Supports and Resistances

Starting
to trade

Introduction to
Supports and Resistances

Support and resistance are probably some of the most used elements in trading. There are many different ways to trace supports and resistances, it could even be stated that each trader has their own way of plotting them. Here we will see the basics on this topic:

In the following chart we can see an upward trend. In this case, when the price moves up and then makes a pull back (or correction), the highest point that the price has reached is considered a resistance.

Likewise, the lowest point of the correction will be considered a support. You can see that constant support and resistance form throughout the price movement.

In the following chart we can observe a downtrend. In this case, when the price moves down and then makes a pull back (or correction), the lowest point that the price has reached before the correction is considered support.

Likewise, the highest point after the correction will be considered a resistance. Various supports and resistances will form throughout the price movement.

Supports and Resistances
Chart Representation

It is important that you know that support and resistance levels are not exact figures. Maybe when you see real-time market charts you will see supports and resistances that appear to be broken but really the market was just testing them. In the case of Japanese candlestick charts, this test is observable thanks to the shadows of the candles.

In the previous chart we can see how the candles tested the resistance level of 1.0000. It may look like the market was going to break the resistance but as you can see, the closing price of the candles is below the resistance level, which means that the price was only testing that level.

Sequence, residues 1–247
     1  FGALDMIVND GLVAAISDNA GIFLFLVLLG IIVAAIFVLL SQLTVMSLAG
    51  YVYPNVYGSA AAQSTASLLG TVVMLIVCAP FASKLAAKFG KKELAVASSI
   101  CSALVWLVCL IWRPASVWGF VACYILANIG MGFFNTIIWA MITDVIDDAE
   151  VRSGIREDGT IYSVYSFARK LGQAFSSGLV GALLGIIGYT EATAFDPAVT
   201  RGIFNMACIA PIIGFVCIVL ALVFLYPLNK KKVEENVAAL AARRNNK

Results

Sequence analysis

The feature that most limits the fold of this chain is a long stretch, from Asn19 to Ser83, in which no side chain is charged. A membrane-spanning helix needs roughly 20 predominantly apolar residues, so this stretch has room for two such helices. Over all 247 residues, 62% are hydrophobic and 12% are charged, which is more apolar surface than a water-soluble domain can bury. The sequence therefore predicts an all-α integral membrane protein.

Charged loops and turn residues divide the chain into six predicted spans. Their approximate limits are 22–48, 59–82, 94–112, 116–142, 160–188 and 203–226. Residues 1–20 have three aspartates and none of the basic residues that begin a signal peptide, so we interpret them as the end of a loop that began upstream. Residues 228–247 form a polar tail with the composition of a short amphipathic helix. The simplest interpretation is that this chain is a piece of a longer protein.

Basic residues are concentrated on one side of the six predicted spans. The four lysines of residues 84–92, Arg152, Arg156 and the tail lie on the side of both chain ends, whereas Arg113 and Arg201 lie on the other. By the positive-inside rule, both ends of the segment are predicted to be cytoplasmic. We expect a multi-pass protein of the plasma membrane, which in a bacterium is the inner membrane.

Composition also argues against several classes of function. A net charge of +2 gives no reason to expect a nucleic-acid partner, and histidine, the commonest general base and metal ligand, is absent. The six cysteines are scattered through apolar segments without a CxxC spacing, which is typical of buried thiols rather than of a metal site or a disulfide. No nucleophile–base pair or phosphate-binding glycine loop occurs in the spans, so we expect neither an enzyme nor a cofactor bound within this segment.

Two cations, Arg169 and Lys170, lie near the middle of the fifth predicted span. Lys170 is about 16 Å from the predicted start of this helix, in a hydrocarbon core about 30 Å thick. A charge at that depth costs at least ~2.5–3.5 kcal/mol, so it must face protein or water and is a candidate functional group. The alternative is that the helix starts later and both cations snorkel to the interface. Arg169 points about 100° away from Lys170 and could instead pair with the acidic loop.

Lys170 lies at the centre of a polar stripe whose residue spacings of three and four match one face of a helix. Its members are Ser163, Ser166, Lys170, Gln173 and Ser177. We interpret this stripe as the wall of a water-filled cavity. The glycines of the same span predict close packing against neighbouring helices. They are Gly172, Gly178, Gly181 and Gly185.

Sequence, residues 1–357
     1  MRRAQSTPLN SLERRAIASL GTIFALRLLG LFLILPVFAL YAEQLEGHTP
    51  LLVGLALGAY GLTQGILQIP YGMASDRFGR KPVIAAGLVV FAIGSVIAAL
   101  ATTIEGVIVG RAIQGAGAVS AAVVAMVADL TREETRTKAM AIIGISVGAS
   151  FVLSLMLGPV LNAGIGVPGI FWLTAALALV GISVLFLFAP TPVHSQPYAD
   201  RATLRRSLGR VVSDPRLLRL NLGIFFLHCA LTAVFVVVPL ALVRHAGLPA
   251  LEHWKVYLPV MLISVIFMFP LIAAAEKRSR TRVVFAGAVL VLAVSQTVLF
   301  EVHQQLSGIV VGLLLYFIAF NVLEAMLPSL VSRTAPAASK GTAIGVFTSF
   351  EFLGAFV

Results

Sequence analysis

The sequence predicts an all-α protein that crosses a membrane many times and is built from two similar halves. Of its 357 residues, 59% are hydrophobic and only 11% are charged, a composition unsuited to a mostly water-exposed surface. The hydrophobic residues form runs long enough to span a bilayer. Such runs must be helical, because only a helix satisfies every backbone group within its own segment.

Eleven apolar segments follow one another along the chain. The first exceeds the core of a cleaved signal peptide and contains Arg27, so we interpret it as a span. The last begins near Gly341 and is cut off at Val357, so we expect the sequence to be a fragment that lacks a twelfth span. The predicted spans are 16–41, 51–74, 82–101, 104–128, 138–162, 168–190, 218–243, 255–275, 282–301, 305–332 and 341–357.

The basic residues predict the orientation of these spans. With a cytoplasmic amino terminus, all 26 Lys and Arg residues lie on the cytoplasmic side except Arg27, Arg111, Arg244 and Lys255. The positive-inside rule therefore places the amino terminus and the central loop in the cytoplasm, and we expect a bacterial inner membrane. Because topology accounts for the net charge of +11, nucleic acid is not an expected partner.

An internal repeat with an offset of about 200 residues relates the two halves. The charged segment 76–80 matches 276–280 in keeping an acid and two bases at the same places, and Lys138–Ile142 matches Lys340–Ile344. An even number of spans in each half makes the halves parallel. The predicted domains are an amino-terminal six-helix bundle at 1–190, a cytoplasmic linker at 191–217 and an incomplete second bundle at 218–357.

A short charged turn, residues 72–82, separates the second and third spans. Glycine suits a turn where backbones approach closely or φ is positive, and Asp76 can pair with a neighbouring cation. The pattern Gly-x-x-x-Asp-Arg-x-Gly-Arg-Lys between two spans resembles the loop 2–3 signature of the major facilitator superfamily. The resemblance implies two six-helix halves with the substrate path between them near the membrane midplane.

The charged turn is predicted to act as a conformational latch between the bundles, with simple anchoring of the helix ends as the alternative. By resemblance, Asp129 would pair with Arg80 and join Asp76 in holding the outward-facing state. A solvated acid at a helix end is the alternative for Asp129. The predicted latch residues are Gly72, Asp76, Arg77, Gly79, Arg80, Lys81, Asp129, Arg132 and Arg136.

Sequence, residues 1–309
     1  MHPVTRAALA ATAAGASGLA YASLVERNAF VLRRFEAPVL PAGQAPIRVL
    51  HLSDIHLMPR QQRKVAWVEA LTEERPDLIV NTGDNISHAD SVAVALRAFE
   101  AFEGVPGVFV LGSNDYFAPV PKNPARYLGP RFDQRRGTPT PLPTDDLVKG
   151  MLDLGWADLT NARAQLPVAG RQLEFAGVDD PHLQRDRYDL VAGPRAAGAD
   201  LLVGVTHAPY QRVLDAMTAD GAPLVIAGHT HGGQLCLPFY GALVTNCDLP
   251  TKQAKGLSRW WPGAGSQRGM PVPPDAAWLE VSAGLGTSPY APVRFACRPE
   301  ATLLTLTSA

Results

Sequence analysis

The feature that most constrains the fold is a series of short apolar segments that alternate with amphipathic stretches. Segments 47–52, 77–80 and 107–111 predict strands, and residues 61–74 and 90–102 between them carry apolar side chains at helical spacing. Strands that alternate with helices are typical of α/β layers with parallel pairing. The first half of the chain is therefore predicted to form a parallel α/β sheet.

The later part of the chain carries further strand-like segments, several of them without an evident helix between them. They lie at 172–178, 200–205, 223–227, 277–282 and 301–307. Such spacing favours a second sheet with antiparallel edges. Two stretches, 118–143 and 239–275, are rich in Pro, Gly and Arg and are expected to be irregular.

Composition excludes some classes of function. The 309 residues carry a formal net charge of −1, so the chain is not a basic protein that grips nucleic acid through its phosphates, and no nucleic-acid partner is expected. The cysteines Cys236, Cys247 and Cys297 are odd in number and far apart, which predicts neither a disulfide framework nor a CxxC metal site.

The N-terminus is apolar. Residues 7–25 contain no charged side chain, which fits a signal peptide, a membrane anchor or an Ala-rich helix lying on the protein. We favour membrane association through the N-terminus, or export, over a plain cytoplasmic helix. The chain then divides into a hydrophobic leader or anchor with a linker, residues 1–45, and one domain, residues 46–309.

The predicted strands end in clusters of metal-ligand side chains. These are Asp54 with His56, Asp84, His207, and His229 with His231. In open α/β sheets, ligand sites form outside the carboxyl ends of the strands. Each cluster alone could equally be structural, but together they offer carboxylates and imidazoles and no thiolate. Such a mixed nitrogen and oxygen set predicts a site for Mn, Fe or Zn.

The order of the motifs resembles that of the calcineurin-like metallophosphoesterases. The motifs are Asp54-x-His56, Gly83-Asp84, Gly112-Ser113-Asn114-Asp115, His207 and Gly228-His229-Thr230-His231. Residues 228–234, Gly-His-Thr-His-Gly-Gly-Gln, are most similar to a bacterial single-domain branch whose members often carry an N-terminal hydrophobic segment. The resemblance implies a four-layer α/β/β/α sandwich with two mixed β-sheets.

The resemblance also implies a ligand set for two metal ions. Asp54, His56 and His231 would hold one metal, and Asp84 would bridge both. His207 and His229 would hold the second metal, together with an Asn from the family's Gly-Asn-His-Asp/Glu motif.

How to know if a support or resistance has been broken?

There is no single answer to this question, some claim that support is broken when the price closes below the support level and that resistance is broken when the price closes above the resistance level. However, this is not always true and in the following chart, we will see why.

In this last chart we can see that the price closed twice above the 162.00 resistance level, however, both times the price ended up falling. If you had considered them true breakouts and decided to buy, you would not have done very well. What’s more, these false breakouts have served to further consolidate that level of resistance.

How to avoid false breakouts?

The best thing you can do when talking about supports and resistances is to work them as zones rather than specific numbers.

How can you do this?

One way to do this is to plot the supports and resistances on line charts and then switch to the candlestick chart.

Why draw them on a line charts?

Line charts show you only the closing price while the candlestick chart shows you the highs and lows which, especially if you’re just starting out, can be quite confusing.

Here you can see an example of supports and resistances plotted in line charts:

And this is what it will look like when you change the chart to candles:

There are two very important things to know about supports and resistances:

When a resistance is broken, it can be used as a good benchmark for future support. The same happens when a support is broken, it can be used as a future resistance.

The more times the price tests a support or resistance level, the more solid that zone becomes. What does it mean to be more solid? That if the price tests it again in the future, it is more likely that it will not be able to break it.